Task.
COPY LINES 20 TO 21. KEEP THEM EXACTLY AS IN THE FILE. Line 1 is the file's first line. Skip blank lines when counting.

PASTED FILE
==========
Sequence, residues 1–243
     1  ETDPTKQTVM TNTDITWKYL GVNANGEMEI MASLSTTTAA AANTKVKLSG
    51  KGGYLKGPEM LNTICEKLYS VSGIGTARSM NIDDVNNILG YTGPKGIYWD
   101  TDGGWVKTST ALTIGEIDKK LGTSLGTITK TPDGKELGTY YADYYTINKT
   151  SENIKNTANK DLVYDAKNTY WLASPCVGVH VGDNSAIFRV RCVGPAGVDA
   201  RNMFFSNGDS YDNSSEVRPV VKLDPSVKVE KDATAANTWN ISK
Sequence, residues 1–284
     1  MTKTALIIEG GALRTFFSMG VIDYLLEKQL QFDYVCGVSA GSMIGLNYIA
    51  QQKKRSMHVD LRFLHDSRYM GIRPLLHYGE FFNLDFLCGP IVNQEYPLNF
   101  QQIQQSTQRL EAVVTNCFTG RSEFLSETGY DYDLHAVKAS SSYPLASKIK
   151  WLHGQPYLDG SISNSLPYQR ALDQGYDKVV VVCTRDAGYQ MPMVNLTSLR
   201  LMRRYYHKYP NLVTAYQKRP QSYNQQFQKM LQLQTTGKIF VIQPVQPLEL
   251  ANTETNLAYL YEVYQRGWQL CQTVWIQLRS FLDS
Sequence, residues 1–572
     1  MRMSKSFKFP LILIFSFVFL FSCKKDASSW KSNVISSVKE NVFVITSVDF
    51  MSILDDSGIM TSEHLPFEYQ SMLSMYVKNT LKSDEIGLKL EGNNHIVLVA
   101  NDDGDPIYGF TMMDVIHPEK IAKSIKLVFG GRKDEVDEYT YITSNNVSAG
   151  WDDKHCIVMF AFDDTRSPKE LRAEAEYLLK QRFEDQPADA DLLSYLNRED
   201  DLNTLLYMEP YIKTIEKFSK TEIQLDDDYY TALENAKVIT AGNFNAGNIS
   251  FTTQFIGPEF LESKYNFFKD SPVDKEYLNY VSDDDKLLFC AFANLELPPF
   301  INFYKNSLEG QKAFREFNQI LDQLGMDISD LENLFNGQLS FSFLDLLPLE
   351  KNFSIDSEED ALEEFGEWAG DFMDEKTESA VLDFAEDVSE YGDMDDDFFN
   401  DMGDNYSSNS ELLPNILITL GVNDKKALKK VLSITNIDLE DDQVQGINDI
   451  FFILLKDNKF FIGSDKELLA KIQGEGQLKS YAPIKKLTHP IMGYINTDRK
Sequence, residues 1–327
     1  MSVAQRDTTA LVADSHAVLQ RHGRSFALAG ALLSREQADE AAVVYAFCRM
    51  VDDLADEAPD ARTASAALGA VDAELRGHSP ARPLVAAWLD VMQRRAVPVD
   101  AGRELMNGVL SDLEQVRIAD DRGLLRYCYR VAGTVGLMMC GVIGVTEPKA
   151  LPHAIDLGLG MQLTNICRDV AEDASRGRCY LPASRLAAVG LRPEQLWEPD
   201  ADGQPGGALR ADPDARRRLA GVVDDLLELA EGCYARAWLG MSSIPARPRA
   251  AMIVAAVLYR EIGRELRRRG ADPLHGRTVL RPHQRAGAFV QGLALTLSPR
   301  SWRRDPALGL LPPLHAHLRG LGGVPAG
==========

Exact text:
   251  FTTQFIGPEF LESKYNFFKD SPVDKEYLNY VSDDDKLLFC AFANLELPPF
   301  INFYKNSLEG QKAFREFNQI LDQLGMDISD LENLFNGQLS FSFLDLLPLE